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GP leaders vote in favour of charging overseas patients

GP leaders have voted in favour of implementing private fees for overseas visitors, with any fees being retained by general practice.

The motion, proposed at the annual LMCs conference in London today, argues the Government can still offer free care in urgent care settings like walk-in centres and A&Es.

But the GPC is now compelled to lobby for overseas patient attendances to only occur on a ‘private fee-paying basis’ and that ‘any fees paid should be retained in full by general practice.’

Proposing the motion, Dr Russell Brown of Surrey and Sussex LMCs argued that in his Eastbourne practice the unremunerated cost of seeing holiday makers or short term student visitors was significant.

The motion was passed in full by representatives, despite no other arguments in favour and other representatives speaking against the issue which they argued makes GPs middle-men for immigration control.

Dr Brown told delegates: ’This is not about GP surgeries policing eligibility for NHS care, but there is no funding recognition for the workload involved in seeing these people – which can be considerable.

’In Eastbourne we have many young, foreign students visiting for a few weeks of the year, some of whom need to see a GP. Many of them are from countries where we have no reciprocal arrangements for healthcare. Even if there are reciprocal arrangements, that funding doesn’t reach us.’

He added: ’Travel insurance is not hard to organise.’

Opposing the motion, Dr Frances O’Hagan, representing Southern Northern Ireland LMC warned that the bureacracy involved in verifying and following up charges for every patient they see from the Republic of Ireland would be a ‘nightmare’.

She said: ’I do not want to start policing for the immigration, I agree that we should not be funding it. But it should  be funded in some other way, like secondary care is funded to do it.’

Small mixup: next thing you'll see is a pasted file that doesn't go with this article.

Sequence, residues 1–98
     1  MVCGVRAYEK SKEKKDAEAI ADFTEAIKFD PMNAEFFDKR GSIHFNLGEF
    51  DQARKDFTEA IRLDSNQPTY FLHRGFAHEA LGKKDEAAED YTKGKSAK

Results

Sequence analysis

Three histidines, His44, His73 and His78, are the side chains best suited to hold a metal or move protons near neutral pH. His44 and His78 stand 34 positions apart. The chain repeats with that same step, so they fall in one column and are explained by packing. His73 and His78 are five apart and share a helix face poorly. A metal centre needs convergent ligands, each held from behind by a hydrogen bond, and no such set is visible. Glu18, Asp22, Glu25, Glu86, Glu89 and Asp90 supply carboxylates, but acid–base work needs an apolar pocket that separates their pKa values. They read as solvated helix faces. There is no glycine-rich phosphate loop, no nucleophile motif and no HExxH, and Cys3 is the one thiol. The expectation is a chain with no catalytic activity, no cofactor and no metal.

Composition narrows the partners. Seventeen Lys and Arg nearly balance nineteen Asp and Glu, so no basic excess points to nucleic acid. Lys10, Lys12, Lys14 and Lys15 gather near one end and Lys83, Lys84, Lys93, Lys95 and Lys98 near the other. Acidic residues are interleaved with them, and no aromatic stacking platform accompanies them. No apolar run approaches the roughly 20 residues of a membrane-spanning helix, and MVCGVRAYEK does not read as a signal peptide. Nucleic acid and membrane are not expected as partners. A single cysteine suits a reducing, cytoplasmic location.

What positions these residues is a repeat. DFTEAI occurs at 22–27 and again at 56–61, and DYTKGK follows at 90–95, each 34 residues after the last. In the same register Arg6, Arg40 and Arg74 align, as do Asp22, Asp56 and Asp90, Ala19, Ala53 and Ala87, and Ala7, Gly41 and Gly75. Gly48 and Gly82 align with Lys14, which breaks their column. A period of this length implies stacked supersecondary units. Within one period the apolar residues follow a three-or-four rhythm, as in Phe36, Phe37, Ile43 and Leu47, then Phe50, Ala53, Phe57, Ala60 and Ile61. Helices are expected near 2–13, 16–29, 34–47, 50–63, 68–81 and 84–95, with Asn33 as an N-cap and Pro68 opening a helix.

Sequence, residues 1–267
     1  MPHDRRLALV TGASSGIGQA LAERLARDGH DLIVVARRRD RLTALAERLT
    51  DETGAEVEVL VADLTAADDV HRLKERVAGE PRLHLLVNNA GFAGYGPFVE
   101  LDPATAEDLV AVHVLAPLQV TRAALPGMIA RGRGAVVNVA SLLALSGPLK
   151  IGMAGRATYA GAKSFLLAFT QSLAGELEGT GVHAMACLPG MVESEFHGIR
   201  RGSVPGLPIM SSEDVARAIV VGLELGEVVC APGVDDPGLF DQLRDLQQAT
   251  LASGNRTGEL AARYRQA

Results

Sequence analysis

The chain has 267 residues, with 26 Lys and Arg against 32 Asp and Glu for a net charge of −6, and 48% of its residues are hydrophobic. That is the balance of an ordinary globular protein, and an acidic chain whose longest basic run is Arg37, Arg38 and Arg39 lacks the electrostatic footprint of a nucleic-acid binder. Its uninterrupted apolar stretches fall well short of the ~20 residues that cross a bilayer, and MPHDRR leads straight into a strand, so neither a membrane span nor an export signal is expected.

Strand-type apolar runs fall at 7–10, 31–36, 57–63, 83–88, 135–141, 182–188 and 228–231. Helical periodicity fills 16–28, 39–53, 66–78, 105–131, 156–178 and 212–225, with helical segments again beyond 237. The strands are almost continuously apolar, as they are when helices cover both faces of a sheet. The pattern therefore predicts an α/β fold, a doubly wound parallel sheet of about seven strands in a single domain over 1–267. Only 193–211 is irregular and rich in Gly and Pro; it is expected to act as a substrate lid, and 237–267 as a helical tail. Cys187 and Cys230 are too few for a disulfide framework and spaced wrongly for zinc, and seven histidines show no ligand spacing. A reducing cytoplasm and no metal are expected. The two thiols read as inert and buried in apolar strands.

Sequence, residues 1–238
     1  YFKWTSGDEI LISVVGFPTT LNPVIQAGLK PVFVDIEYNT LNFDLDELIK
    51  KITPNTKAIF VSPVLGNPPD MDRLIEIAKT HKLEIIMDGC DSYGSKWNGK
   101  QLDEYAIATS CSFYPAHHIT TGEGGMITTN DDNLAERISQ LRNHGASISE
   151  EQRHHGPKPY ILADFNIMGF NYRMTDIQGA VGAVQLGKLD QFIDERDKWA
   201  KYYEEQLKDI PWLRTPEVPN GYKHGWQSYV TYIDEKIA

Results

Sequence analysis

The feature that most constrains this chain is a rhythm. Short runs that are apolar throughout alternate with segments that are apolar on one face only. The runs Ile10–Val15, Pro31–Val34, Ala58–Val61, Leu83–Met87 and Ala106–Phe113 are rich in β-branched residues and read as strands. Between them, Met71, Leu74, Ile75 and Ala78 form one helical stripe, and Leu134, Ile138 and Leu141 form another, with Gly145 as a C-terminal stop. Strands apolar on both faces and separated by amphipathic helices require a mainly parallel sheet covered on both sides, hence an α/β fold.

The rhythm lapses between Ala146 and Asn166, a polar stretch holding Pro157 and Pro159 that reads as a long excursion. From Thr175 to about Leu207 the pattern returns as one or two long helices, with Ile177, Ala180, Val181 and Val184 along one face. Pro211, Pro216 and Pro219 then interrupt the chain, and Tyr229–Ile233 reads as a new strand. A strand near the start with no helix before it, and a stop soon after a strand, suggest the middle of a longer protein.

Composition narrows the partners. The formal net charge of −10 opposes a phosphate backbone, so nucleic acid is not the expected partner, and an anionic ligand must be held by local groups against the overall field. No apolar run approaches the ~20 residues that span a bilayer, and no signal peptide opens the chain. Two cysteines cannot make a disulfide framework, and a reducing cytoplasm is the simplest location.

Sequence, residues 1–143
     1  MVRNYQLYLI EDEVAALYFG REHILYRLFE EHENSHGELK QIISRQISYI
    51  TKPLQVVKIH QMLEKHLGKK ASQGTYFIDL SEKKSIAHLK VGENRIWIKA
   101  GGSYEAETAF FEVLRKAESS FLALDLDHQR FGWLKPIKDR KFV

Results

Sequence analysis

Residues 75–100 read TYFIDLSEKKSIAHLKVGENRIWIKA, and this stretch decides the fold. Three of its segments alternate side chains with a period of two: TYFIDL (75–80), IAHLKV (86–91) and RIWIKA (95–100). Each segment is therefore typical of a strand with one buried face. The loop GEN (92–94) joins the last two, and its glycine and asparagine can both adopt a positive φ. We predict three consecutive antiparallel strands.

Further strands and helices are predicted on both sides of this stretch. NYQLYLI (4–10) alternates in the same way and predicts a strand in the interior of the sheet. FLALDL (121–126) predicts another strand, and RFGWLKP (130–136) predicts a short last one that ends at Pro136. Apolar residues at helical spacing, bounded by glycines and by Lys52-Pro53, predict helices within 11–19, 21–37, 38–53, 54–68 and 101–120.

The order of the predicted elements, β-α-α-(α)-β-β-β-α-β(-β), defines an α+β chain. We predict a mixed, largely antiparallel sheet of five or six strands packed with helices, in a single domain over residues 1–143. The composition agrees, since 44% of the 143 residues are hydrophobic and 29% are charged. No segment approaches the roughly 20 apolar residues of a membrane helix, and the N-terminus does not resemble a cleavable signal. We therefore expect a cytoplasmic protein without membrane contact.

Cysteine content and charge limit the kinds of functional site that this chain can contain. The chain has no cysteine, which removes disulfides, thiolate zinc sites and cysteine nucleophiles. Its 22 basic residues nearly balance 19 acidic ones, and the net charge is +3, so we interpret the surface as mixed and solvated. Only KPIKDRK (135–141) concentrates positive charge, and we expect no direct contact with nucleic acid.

Dr Jan Kletta, from Morganwyg LMC, quipped that his heritage gave him a slight vested interest, saying in the practice ‘I’m called Polish Pete, even though I was born in Kent’.

He asked whether the motion was neccesary in much of the UK, saying: ‘ I accept that on the South Coast where they may see a lot of overseas visitiors and this might be a very practical problem for them, but in Bridgend it wouldn’t be a huge problem.’

He also questioned whether private fees were an appropriate method and said ‘if we pass this, it causes problems in terms of EU law’.

Speaking for GPC, negotiator Dr Dean Marshall said motion was made ’difficult because the laws in England were different from the rest of the UK.’

He added: ’I have absolutely no doubt that the Government’s plan is to make us do the work and then direct the money to them, and that’s something that we’re discussing with them again next week. That doesn’t neccesarily, in my view, mean we should start charging.’

This comes after this week’s Queen’s Speech said that migrants would be charged for NHS services that they are not entitled to, and the Department of Health has already launched a consultation on charging foreign visitors for some GP services, such as blood and lung-function tests, but keeping consultations free.

Motion in full

EAST SUSSEX: That conference believes that overseas visitors should be able to attend UK general practitioners but:

(i) this should only be on a private fee-paying basis

(ii) any fees paid should be retained in full by the general practice

(iii) it remains open to the government to offer NHS care free to overseas visitors at walk-in-centre, urgent care centres, and accident and emergency departments, and patients can be offered these alternatives.